It’s strange how people who love public ownership talk of governments as ‘we’ or ‘us’. Self interest motivates many of the participants in these entities the same way it does in the private sector. In any event, it’s widely believed that governments are good and noble, while the private sector is selfish and evil.
The truth is that governments have been the over-achievers in war, genocide, torture, monopoly exploitation, corruption, nepotism, greed and all the other deadly sins. Power corrupts.
The private sector do have some nasty players, which you read about in the papers, but most business owners are good citizens and decent employers. The key advantage they have over the public sector is a bigger pool of talent and they’re often stumping up with their own money. Get it wrong and your career comes to an abrupt end. To succeed in the private sector you are more likely to develop a skill set that is better aligned with say, owning a port.
The port is unquestionably a regional strategic asset of the highest order. In a country with relatively high costs of land, labour and capital, we need to make the most of our advantages.
The two that are critical to Hawke’s Bay are our relatively cheap and abundant water supply and our ready access to the port. In many continental situations the inland freight costs are as much or more than the seafreight. Moreover seafreight is about seven times as fuel efficient as trucks and you can navigate oceans in their natural state while inland transport requires expensive and unsightly roading and rail networks. Get it on a ship quickly and everybody wins.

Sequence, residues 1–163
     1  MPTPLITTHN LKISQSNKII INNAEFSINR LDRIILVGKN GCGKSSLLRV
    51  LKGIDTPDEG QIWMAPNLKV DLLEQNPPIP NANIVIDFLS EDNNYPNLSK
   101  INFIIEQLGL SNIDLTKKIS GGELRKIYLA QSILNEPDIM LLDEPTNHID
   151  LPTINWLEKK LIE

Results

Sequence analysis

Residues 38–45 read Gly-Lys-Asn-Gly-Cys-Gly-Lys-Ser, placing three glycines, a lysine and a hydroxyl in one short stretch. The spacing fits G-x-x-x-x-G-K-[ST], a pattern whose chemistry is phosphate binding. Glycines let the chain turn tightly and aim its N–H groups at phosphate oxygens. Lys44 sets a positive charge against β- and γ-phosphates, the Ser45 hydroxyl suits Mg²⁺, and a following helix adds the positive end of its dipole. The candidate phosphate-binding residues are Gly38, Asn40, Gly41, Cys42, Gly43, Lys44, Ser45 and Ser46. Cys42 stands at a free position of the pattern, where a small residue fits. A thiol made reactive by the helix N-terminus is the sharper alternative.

A partial sharemarket listing is the Council’s preferred model. They argue that will optimise the port’s value now and in the future, while retaining operating control. Minority shares will be widely dispersed and this dilutes the power of individual shareholders. It also makes it relatively easy to issue new shares and to raise further capital in the future. The key deficiency with this option is that investors will come from predominantly outside of Hawke’s Bay and will prioritise the dividend yield over strategic regional objectives.
As I’ve said before, I’d prefer a share placement with local exporters, whose key motivation would be to achieve the service levels they need from their port. A constitutional cap of 5% should be put in place in order to make sure no single shareholder could become too powerful. If this measure is put in place, I don’t really care if they sell 49% or the whole lot. I know I’m in a minority here.
What should reassure you about private sector investment in our port, is that it’s worked exceptionally well for Tauranga. The Port of Tauranga was little more than a fishing port in the 1960s, but the berths were open and accessible and it needed less dredging than Napier. Dairy, timber and kiwifruit ensured the port grew rapidly. Tauranga has always had a commercial mindset and it has been stealing business from a ponderous Ports of Auckland for decades. So the evidence is there that a mixed ownership model can work.
I’d stomach any of the proposed funding models in order to get the job done. To not press forward would likely condemn the Napier Port to a slow decline in shipping companies servicing it and ultimately consign it to becoming a second tier feeder port. We need to make the difficult call now and to accept that however uncomfortable it is, the community will look back in 100 years and be satisfied we got it right.
Paul Paynter is our resident iconoclast and cider maker. Sometimes he grows stuff at Yummyfruit.